Prostate cancer is one disease in the Grim Reaper’s quiver at the end of our lives. As we all must will die from some cause, it’s worth reflecting on why so much attention should be given to a disease that stands out so obviously as one that kills most very late in life.
A panel of experts in preventive medicine released a draft proposal Tuesday on screening for prostate cancer. “Another one?” you may ask, remembering an earlier recommendation. Don’t worry; we’re here to help you avoid whiplash:
The question is how to find prostate cancer while it is curable, determine its severity, and treat it appropriately, while minimizing the harms of PSA screening. To do so, we don’t need to test less—we need to test smarter.
Several new prostate-cancer tests aim to reduce needless biopsies and unnecessary treatments by sorting out harmless from aggressive tumors.
PSA screening creates more problems than the cancer itself and as a result just about every major organization is no longer recommending routine PSA screening.
Doctors say that for men who are confused about whether to get a PSA test, there is hope. New M.R.I. tests to guide targeted prostate biopsies may help find the most aggressive cancers that require treatment, thus identifying men who do not need to be treated.
The problem is that treating clinicians have historically done a poor job matching the right patients with the right treatments. These trends are starting to change, and a key advance in recent years, championed by many (including us and others at our institution), is active surveillance for men with low-risk prostate cancer.
Evidence shows that screening does more harm than good. Now what?
In 1970 I discovered the prostate-specific antigen, or PSA, which is now the most widely used tool in prostate screenings. But there has been a growing concern about whether the use of the PSA test has led to overdiagnosis and overtreatment, with millions of unnecessary surgeries, complications and deaths.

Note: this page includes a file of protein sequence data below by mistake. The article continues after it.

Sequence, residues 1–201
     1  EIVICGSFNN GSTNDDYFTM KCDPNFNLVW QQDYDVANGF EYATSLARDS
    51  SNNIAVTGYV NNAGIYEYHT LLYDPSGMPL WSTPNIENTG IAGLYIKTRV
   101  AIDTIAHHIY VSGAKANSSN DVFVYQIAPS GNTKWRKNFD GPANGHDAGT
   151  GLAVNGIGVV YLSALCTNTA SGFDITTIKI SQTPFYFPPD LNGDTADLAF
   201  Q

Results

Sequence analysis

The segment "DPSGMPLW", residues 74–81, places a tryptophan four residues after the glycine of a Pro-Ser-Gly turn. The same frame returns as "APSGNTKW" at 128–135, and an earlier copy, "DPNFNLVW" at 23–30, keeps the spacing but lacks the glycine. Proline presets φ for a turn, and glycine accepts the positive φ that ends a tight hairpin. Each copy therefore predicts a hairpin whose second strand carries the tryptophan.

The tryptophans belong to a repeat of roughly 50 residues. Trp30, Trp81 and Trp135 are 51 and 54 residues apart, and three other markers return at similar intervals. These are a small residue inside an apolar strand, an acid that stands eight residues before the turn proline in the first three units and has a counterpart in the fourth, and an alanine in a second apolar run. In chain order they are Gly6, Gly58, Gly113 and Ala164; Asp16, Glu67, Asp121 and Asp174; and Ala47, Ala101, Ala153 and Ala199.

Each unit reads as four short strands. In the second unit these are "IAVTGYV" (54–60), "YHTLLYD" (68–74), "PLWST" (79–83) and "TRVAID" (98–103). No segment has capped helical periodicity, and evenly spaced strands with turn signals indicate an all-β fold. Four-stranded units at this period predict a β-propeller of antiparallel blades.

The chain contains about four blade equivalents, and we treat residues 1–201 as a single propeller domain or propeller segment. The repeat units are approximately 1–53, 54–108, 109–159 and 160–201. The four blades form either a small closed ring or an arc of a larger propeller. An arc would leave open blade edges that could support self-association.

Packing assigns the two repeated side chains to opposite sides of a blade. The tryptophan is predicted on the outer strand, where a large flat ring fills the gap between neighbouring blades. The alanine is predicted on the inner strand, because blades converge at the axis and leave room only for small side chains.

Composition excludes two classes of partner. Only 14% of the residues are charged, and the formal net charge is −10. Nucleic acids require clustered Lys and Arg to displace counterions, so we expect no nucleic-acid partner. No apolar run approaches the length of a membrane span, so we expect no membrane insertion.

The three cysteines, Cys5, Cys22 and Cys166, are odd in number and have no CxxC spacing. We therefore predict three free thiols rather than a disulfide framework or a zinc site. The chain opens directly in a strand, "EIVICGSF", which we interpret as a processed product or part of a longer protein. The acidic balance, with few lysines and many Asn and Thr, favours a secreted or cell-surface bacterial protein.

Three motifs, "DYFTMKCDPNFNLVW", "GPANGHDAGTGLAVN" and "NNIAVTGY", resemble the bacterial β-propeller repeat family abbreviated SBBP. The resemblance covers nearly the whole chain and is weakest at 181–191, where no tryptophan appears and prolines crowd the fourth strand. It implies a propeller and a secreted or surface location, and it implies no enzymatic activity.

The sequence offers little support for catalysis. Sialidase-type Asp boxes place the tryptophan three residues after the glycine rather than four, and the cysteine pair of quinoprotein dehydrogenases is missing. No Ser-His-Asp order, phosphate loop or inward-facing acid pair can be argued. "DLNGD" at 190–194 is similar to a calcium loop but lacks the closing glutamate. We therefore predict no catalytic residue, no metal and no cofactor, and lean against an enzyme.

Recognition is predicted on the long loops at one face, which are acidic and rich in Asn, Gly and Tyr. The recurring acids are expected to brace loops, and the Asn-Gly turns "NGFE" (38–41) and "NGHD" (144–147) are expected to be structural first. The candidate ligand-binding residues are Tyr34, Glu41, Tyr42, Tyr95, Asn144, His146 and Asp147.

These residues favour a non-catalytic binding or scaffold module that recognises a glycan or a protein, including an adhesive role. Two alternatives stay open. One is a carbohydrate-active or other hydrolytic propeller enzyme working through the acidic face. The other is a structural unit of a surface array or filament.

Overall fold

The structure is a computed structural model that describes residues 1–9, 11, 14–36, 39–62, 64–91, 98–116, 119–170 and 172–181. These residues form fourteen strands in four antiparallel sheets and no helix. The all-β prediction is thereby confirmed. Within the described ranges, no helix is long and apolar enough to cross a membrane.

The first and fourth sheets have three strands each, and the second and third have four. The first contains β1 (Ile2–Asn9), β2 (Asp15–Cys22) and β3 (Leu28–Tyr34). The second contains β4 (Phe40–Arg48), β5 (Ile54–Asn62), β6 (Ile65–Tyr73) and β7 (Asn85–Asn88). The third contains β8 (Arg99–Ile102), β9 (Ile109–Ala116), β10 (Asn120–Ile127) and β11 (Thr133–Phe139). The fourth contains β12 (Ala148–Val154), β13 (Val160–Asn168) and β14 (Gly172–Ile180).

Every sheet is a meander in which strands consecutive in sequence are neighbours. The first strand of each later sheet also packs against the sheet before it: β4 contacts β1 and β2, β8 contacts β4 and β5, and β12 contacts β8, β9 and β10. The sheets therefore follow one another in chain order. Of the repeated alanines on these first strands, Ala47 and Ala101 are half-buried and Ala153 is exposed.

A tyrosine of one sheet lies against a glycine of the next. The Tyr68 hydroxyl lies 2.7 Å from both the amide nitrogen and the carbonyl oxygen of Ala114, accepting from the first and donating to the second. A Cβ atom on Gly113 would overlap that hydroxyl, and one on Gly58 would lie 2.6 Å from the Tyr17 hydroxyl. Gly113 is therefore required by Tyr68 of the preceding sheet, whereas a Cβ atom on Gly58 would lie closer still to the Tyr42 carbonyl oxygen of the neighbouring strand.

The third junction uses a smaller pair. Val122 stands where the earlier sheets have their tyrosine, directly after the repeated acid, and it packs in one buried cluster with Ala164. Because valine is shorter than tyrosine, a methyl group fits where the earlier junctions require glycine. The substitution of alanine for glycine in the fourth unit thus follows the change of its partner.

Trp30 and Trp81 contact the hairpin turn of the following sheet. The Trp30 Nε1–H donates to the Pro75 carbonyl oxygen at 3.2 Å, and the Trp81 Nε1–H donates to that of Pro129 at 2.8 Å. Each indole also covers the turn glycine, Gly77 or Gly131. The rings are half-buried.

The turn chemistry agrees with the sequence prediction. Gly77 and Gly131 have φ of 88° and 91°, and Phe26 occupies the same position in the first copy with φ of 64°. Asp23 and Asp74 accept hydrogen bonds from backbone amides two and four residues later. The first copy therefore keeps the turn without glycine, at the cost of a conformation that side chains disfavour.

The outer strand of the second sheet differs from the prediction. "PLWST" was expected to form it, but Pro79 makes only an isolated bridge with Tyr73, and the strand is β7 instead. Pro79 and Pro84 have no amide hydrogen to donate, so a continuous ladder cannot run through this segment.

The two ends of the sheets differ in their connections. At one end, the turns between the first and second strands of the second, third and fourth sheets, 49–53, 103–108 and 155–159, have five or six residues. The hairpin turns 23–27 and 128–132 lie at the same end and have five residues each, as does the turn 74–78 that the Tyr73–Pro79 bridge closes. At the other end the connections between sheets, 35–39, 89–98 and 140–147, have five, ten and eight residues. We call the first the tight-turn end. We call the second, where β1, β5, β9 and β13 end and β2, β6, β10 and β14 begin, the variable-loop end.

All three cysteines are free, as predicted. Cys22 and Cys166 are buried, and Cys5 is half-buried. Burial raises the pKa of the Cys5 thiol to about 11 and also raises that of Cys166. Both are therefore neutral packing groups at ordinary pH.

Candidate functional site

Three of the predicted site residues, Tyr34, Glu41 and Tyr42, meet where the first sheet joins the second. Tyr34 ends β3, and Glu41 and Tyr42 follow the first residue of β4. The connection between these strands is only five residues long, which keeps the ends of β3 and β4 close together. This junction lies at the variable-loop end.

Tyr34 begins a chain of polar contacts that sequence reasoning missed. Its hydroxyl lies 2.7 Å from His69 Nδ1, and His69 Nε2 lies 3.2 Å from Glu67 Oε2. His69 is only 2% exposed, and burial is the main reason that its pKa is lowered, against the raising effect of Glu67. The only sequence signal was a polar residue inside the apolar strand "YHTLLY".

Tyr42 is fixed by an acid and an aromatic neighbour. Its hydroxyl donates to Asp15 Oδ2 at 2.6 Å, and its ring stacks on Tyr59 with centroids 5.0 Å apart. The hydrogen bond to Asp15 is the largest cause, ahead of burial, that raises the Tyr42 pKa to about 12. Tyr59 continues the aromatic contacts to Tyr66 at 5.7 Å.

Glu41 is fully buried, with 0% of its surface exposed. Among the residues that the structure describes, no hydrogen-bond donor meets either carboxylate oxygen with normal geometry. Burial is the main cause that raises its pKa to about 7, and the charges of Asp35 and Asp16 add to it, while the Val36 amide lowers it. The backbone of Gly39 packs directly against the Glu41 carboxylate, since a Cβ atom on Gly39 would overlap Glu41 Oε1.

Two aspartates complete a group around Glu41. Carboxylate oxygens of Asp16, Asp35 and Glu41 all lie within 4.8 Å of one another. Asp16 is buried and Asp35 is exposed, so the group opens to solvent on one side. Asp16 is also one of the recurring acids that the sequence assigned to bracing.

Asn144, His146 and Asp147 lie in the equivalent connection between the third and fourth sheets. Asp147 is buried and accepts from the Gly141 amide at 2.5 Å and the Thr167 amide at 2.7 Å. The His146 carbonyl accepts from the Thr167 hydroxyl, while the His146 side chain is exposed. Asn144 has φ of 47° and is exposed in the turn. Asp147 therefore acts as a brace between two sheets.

I’m sure the nuances of A, B, C and D recommendations can be confusing to the public. They can also make it seem as if experts are constantly changing their minds. But this is how we want our experts to react: When new evidence is found, it should be added to older evidence to change our thinking when appropriate.
“Prostate cancer is a serious health problem that affects thousands of men and their families. But before getting a PSA test, all men deserve to know what the science tells us about PSA screening: there is a very small potential benefit and significant potential harms. We encourage clinicians to consider this evidence and not screen their patients with a PSA test unless the individual being screened understands what is known about PSA screening and makes the personal decision that even a small possibility of benefit outweighs the known risk of harms.”
Prostate Cancer can be diagnosed by using a Digital Rectal Exam (DRE) or biopsy of the prostate.
Surprisingly, there is a lot of debate about whether ordering the PSA test for routine annual prostate cancer screening is a good idea. This is partly because of the uniquely slow-moving nature of most cases of prostate cancer. It’s actually possible to live out a healthy life while you have prostate cancer that is not being treated (termed Active Surveillance)—particularly for an older man. But some prostate cancer cases present an immediate threat, and need to be treated.
Some screening tests are used because they have been shown to be helpful both in finding cancers early and decreasing the chance of dying from these cancers. Other tests are used because they have been shown to find cancer in some people; however, it has not been proven in clinical trials that use of these tests will decrease the risk of dying from cancer.